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The Mediterranean Diet

by Lauren Eden on April 6, 2017

The Mediterranean diet is argued to be one of the most nutritious ways to eat, as it is loaded with plant-based foods and healthy fats. The diet simply gets its name from the Mediterranean region and its inhabitants who are generally very healthy and live long, disease-free lives.

The diet consists of tons of fresh fruits and vegetables, legumes and beans, whole grains, nuts and seeds, herbs and spices, high-quality poultry and eggs, fish, and olive oil. Red meat consumption is infrequent, only occurring for special occasions and in limited amounts. Additionally, it is said that followers of the Mediterranean diet indulge in moderate amounts of red wine and dark chocolate because of their antioxidant properties that lower bad cholesterol and reduce blood clots. However, we are not enforcing or encouraging the consumption of red wine if you choose to follow a Mediterranean diet, as other studies show that alcohol can increase the risk of cancer.

One of the main focal points of the diet that sets itself apart from others is the copious amount of olive oil, ideally extra-virgin and cold pressed. While oils oftentimes get a bad rap, nutrition experts argue that the incorporation of olive oil in the Mediterranean diet is a crucial component that leads to abundant health benefits. Olive oil contains powerful antioxidants called phenols that fight free radical damage and lower inflammation. To learn more, check out our article on olive oil.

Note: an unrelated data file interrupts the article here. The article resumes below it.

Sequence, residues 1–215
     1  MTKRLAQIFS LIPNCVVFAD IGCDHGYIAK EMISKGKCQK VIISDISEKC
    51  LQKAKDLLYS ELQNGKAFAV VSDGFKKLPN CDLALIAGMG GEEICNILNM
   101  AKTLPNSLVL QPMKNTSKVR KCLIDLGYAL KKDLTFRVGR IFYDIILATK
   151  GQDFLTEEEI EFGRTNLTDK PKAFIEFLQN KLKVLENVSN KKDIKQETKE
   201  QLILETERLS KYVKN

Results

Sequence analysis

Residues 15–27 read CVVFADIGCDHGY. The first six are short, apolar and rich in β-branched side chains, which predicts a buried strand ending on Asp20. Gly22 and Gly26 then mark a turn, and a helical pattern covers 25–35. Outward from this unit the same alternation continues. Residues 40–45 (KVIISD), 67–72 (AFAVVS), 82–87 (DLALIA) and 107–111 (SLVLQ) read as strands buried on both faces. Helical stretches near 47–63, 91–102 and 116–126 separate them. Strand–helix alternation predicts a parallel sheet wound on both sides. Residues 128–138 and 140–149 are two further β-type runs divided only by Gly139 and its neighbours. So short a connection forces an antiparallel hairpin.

The Mediterranean diet is often associated with its cardiovascular benefits and low-obesity rates. However, there is scientific evidence that the diet might also be linked to the reduction of cancer. A recent study published by the International Journal of Cancer suggests that the Mediterranean Diet may lower the risk of a postmenopausal form of cancer called estrogen-receptor-negative breast cancer. The study, which began in 1986, tracked 62,573 women, ages 55 to 69 in the Netherlands. Over that time, researchers were able to prove that post-menopausal estrogen-receptor-negative breast cancer was 40% less common in women who closely followed a Mediterranean diet.

If looking to incorporate more Mediterranean-type foods into your diet, we have some recipes that are both delicious and wholesome options. We recommend trying our grilled tuna with Mediterranean herbs that consists of simple and fresh ingredients. Pair it along with our roasted tomato and olive pearl couscous for a complete meal. Or if you’re trying to reduce your meat intake, our Mediterranean quinoa patties are an excellent source of protein and will keep you feeling satisfied. Get cooking!

 

Sources:

  1. http://onlinelibrary.wiley.com/doi/10.1002/ijc.30654/full
  2. https://draxe.com/mediterranean-diet/

 

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